“JUST US AND THE ALLIGATORS”

Belen Jesuit unites all its 50 runners in its typically demanding workout regimen. COVID-19, which shut down most of sports in March and threatened the 2020 fall season, forced the Wolverines to change their workouts.

Ruiz said losing the 2020 spring track season proved a small blessing. Losing track set up a longer training period, a period extended longer by the later start to the season. And because the students were all in distance learning, Ruiz said that allowed his athletes to treat their bodies like the pros. “They were home all the time, so they’re able to rest between workouts,” Ruiz said. “I pushed them sooner, because they had rest at home.”

Ruiz experimented with more miles. However, he had to split his team into 10-runner groups to accommodate CDC and state government guidelines, including temperature checks before each workout. The Wolverines even canceled their annual summer trip. Ruiz said none of Belen’s top 14 runners caught COVID, and only two of a 55-strong team did.

He also depended on the Wolverines to put in their own work. “We have a term ROYO – run on your own,” Ruiz said. “This year, it took special meaning. They took their ROYOs seriously, and we were tracking with a coaching app. There was accountability through group chat.”

Ruiz even ran Zoom workouts. While fun at first, the novelty wore off. In mid-June, the team started running together. Yet their normal training parks threw them out. They tried running in neighborhoods to no avail. Eventually they started meeting in the Everglades and ran the levees. “It’s just us and the alligators,” Ruiz said.

Vento said the work the team put in to not only run more, but also avoid COVID was rewarded with the trophy. “Throughout the season, we had to stay safe,” Vento said. “The teams stayed in our own bubble so we could continue having a season.”

Villasuso said COVID restrictions also focused their accountability. “When we had a long run or workout, we had to be there for each other,” he said. “This year was extraordinary. We were motivating each other to do great.”

Magoulas said that each group was its own mini-team. “This group got so close. That helps with the state meet. I’ll look back at the memories.”

Ruiz said that the first few practices, the athletes didn’t want to go home. They wanted the camaraderie. “It further cements what sport and running is all about: that connection, that common goal, working hard,” he said.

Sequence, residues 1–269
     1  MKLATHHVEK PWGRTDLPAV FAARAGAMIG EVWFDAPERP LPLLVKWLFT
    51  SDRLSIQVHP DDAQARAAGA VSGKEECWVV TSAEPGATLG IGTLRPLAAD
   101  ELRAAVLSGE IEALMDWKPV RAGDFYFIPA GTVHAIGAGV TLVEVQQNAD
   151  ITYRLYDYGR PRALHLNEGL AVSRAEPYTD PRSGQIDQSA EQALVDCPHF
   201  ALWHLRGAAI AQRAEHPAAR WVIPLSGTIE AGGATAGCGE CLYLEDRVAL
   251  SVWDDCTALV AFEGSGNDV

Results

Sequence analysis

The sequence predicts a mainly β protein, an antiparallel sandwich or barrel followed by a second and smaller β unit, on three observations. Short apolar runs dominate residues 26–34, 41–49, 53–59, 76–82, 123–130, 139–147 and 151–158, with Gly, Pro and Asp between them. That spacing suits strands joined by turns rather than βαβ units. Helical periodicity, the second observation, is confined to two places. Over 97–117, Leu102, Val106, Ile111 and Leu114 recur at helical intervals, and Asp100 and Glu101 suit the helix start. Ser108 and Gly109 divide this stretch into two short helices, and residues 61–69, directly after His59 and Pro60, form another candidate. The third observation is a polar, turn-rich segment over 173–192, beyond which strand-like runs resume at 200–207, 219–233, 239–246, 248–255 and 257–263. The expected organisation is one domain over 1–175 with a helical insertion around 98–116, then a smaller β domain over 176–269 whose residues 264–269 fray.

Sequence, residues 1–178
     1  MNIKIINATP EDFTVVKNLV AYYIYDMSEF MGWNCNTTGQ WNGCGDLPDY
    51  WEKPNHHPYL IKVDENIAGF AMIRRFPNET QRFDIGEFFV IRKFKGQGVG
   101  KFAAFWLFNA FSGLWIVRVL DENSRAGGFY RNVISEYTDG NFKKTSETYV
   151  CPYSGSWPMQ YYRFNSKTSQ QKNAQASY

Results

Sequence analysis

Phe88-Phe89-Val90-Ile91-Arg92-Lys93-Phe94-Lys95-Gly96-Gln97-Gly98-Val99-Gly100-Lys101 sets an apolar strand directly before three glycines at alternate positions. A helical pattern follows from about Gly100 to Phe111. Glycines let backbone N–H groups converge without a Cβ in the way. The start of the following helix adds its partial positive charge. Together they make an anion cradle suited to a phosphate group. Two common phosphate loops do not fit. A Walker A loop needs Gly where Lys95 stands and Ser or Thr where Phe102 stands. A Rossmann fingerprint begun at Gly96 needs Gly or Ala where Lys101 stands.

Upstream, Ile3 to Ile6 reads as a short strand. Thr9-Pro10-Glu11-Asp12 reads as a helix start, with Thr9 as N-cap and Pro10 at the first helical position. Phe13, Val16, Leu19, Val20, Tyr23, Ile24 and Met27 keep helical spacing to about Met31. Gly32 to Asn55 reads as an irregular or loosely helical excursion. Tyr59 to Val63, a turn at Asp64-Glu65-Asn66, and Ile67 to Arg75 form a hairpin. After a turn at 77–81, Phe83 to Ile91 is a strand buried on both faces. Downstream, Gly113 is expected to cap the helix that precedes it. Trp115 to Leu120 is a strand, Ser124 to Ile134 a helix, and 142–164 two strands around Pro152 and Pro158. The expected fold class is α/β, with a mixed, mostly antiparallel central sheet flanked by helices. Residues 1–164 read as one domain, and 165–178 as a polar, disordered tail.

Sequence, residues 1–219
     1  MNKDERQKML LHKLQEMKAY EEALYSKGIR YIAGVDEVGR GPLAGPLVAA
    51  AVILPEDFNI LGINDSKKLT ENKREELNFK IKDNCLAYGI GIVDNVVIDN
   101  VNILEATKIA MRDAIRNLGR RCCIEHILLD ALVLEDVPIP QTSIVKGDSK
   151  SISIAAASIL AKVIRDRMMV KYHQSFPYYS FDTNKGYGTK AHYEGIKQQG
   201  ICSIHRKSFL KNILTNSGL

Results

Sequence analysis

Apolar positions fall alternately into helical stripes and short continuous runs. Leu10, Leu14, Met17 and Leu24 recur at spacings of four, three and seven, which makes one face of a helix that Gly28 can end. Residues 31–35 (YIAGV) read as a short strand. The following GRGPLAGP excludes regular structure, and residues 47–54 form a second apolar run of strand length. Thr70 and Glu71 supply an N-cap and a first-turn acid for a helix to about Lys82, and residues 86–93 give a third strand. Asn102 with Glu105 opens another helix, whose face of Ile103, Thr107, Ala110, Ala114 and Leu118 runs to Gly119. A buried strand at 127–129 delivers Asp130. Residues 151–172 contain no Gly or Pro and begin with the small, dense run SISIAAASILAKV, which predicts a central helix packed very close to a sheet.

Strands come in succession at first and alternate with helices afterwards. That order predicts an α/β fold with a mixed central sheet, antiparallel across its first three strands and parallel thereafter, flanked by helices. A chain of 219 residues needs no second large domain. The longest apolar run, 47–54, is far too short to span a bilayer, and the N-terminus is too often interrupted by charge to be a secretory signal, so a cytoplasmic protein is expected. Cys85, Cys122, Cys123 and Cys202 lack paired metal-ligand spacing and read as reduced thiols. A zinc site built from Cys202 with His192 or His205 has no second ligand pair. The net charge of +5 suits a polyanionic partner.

The work began to show in wins at the FLrunners.com Invitational and FSU Invitational. The Wolverines ended up being pushed by fellow archdiocesan school Christopher Columbus, which finished second at both meets.

Ruiz said that Columbus has reaped the benefits of their work. “I appreciate it. The guys need to be reminded that teams are always gunning for them,” Ruiz said. “To have a local school, and a Catholic school, is good. We see them in many of the same places.”

 

FUTURE IS UNCERTAIN

Ruiz hopes that the Wolverines will get a spring track season to help prime the pump for a 13th title. Having the best junior-varsity team in the state also helps.

“I have to work harder to find the guys on the junior varsity more competition,” he said. “It’s tough when we put the first 15 spots in a JV race. I’m excited. We do have young guys, a lot of ninth-graders who are fired up. It’s upon them to have a good track season so they can have an excellent cross-country season.”

The Wolverines will turn to Magoulas and Rodriguez, who will be seniors next year. For Magoulas, winning that fifth consecutive is already a goal. That would tie Tallahassee Maclay for most consecutive titles; Maclay won 1998-2002.

Magoulas said the pressure is already on. He and his fellow juniors have begun discussing it in chats. He wants to follow his brother in leading a state champion.

“I have to take it as seriously as I did this year,” Magoulas said. “You can’t hold back any days to win five in a row. You need very few mistakes.”

Vento said the leadership is in good hands. “I trust Adam with everything,” Vento said. “I ran with him a long time, he started in eighth grade. He’s a great teammate. To continue this tradition, we have to stay competitive with each other. That’s what makes us different – we’re extremely competitive at practice. Some races it’s not competitive; it turns out we’re racing each other. What we have on the team is a competition every team in the country needs to grow.”

This article has been changed to correct the number of years Frankie Ruiz has been coaching at Belen. He has been there 19, not 14 as originally stated.